On the first day of class in my ‘Psychology of Music’ course, I often ask students to create their own musical instruments. The catch is… they have to make them out of whatever they happen to have in their backpacks and pockets that day!
By Johanna Slivinske
When was the last time you told or heard a good story? Was it happy, sad, or funny? Was it meaningful? What message did the story convey? People have been telling stories throughout history. They tell stories to teach lessons, to share messages, and to motivate others.
By David P. Barash
Science and religion don’t generally get along very well, from the Catholic Church’s denunciation of the heliocentric solar system to vigorous denials — mostly from fundamentalist Protestantism this time — of evolution by natural selection.
By Molly Andrews
“By reason and logic we die hourly, by imagination we live!” wrote W.B. Yeats, thus resurrecting an age-old dichotomy between our ability to make sense of the world around us and our ability to see beyond what meets the eye. A belief in this dualism informs much thinking on imagination, which is often pitted against what is real. Jean Paul Sartre had a different way of seeing things.
If we were to measure looking time (for instance, with an eye-tracking device), we would probably find that most people would scan all the pictures, but focus mostly on the frames with the faces. Even though the exterior shots and full-figure frames are more complex and colorful, our gaze would tend to fix on the faces.
By Eric Rossen PhD, NCSP
“Our society has run amok.” ; “What is happening in our schools?” ; “You aren’t safe anywhere these days.”
Whether through conversation with my family, friends at dinner, or concerned parents talking to me as a mental health professional, I have heard these statements with growing frequency.
By Murat Emre
Recently researchers from the MRC Toxicology Unit based at the University Of Leicester provided “food for hope”: Moreno et al reported in Science Translational Medicine, that an oral treatment targeting the “unfolded protein response” prevented neurodegeneration and clinical disease in an animal model, in “prion-infected mice”, a model of prion diseases which occur also in humans
By Julian Barling
Retrospectively understanding the leadership of anyone who has achieved iconic status is made difficult because we ascribe to them our own needs, dreams and fears. When we try and understand the leadership of Nelson Mandela, it’s natural to think that leadership must be something you are born to do. As but one example, organizational scholar Rosabeth Moss Kanter observed that “There are very few people in the world who could have done what he did.
By Michael Dudley and Fran Gale
On 29 November, Natalya Gorbanevskaya, Soviet dissident poet and translator, died in Paris. In August 1968, this mother of two was arrested, “diagnosed” with schizophrenia and underwent five years’ forcible psychiatric treatment at Moscow’s then- infamous Serbsky Institute. She famously protested in Moscow’s Red Square against the Soviet invasion of Czechoslovakia.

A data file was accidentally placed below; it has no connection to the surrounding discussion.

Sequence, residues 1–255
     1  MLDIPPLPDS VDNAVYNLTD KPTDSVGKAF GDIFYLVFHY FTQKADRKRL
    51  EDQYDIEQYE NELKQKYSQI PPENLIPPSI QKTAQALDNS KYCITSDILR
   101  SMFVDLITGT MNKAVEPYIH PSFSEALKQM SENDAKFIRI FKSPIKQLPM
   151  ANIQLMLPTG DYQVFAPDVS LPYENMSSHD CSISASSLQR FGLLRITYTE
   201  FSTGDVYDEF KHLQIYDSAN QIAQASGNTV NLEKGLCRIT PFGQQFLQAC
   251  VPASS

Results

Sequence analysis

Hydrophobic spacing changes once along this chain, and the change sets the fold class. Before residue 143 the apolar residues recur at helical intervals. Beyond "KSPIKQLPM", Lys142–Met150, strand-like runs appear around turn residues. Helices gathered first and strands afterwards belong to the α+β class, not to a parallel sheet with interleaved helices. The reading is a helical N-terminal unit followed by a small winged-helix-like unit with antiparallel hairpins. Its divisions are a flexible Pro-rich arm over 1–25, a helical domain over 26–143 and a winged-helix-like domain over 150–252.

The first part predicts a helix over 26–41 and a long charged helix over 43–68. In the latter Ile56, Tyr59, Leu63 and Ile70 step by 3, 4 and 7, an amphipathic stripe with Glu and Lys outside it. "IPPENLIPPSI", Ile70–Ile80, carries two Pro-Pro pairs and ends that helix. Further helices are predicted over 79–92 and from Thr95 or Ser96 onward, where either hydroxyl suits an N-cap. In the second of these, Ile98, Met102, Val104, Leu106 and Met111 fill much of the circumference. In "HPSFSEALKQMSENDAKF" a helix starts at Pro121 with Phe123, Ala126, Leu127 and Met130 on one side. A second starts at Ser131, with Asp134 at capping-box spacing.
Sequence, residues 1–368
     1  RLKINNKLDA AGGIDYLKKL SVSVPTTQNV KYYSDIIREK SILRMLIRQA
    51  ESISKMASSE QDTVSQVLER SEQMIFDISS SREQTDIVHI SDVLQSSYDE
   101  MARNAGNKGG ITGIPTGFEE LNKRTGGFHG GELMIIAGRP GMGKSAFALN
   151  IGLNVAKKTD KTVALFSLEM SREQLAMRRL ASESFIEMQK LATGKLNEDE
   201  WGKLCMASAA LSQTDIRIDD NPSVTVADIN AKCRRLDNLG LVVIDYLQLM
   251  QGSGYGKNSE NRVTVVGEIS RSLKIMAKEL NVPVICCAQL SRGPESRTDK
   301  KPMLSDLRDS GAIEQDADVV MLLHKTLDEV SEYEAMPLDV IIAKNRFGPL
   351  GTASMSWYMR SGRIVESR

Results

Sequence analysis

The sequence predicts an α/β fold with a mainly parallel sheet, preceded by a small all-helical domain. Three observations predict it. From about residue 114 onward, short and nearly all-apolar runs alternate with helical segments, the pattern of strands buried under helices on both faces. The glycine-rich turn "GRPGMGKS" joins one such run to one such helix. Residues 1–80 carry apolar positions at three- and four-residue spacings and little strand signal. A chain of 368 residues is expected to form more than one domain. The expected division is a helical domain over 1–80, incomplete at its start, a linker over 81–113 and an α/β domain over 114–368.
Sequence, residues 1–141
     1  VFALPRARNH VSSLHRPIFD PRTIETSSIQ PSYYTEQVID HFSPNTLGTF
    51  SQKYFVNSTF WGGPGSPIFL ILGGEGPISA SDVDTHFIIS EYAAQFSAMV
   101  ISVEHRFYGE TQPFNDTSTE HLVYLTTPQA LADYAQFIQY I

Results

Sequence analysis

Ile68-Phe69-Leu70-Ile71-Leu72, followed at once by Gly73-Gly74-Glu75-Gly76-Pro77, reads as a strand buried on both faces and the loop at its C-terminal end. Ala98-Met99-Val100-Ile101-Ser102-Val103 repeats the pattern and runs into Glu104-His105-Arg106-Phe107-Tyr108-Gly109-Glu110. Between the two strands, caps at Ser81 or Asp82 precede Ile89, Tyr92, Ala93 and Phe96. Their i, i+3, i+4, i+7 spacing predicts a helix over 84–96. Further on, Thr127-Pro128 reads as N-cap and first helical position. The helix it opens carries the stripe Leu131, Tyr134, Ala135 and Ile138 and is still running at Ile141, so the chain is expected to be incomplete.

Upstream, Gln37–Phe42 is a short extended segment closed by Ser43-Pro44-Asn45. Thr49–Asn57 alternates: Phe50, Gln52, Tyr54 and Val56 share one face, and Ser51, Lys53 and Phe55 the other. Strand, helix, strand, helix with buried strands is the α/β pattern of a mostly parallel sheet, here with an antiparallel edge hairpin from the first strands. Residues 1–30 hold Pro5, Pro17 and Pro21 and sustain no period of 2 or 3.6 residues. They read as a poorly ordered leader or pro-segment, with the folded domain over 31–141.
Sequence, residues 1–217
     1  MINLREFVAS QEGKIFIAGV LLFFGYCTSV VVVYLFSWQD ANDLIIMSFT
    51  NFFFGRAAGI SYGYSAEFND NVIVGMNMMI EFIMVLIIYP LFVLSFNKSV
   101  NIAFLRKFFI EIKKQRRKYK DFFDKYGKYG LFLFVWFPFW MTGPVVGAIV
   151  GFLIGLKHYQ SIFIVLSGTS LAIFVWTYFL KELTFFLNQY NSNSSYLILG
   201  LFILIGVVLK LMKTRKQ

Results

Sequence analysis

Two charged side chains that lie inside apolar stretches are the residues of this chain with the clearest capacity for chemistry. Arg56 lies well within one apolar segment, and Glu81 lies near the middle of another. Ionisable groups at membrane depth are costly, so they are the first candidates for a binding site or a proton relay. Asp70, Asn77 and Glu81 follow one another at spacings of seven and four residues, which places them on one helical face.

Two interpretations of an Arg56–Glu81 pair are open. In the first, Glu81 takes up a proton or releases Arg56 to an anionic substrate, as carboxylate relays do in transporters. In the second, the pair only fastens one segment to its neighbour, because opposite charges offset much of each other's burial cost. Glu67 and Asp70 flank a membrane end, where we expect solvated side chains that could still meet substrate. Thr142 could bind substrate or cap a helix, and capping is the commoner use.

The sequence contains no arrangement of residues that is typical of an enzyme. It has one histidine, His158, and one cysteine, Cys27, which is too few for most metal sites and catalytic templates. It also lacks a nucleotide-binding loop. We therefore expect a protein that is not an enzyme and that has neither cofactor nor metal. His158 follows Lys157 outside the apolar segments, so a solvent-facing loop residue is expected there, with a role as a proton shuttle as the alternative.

By Zaira Cattaneo and Marcos Nadal
Humans are apparently the only species to aesthetically enjoy the world around them. What is it that allows us to admire the elegance of a ballet dancer, or to enjoy the beauty of the sun’s reflection on the sea as it sets under the horizon?
For nearly four decades, Dr. Andrea Farbman has worked in disability and arts advocacy, legislative policy analysis, and non-profit management. Her career with the American Music Therapy Association (National Association for Music Therapy at the time) began in 1988 and this year she is celebrating 25 years with the association.
By Dr. Sheri Robb
There is a saying in American English when a home is attractive to view from the sidewalk or edge of the road. That is, we say it has “curb appeal”. As an integral part of everyday life, music has great curb appeal.
By Dr. Anthony Meadows
I have been a music therapist for nearly 30 years. During this time, I have been struck over and over again by the many diverse ways there are to practice music therapy. Music therapists, myself included, have been present with our clients as they grapple with the various ways cancer affects their lives.
By Richard J. Miller
Today is the 50th anniversary of the death of the author Aldous Huxley. Huxley was celebrated for many things and his involvement with the culture of psychotropic drugs was certainly one his most famous, or perhaps infamous, associations.
What is a superhero? What is a supervillain? What are the traits that define and separate these two? What cultural contexts do we find them in? And why we need them? Editors Robin S. Rosenberg, PhD and Peter Coogan, PhD collected a series of essays examining these questions from both major comic book writers and editors, such as Stan Lee and Danny Fingeroth, and leading academics in psychology and cultural studies, such as Will Brooker and John Jennings.
On Veterans Day, the Journal of Gerontology, Series B: Psychological and Social Sciences published “Comparison of the Effectiveness of Cognitive Behavioral Therapy for Depression among Older Versus Younger Veterans: Results of a National Evaluation” co-author Bradley E. Karlin joins us to discuss the evaluation’s promising results. Why do older adults utilize mental health services at […]